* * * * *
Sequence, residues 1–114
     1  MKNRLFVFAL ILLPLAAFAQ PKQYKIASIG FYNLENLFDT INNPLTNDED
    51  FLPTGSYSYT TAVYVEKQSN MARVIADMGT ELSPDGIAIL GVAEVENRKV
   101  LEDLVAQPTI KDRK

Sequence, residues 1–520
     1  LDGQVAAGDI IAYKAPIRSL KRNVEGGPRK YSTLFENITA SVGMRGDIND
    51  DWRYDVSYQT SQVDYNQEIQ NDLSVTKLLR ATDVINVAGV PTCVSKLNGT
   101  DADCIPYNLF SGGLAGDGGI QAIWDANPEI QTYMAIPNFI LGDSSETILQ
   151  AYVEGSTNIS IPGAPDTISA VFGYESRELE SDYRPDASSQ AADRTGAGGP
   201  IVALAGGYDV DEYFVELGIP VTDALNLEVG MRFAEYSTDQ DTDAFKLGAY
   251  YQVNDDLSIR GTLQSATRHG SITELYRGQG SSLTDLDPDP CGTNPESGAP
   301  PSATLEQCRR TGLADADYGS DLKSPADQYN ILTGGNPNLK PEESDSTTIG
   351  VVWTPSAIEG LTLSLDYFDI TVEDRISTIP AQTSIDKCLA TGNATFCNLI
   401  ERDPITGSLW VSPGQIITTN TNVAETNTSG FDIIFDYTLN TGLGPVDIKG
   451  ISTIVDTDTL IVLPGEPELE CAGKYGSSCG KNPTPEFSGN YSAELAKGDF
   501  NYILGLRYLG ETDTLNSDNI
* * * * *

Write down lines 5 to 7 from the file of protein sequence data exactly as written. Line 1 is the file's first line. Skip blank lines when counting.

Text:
Sequence, residues 1–520
     1  LDGQVAAGDI IAYKAPIRSL KRNVEGGPRK YSTLFENITA SVGMRGDIND
    51  DWRYDVSYQT SQVDYNQEIQ NDLSVTKLLR ATDVINVAGV PTCVSKLNGT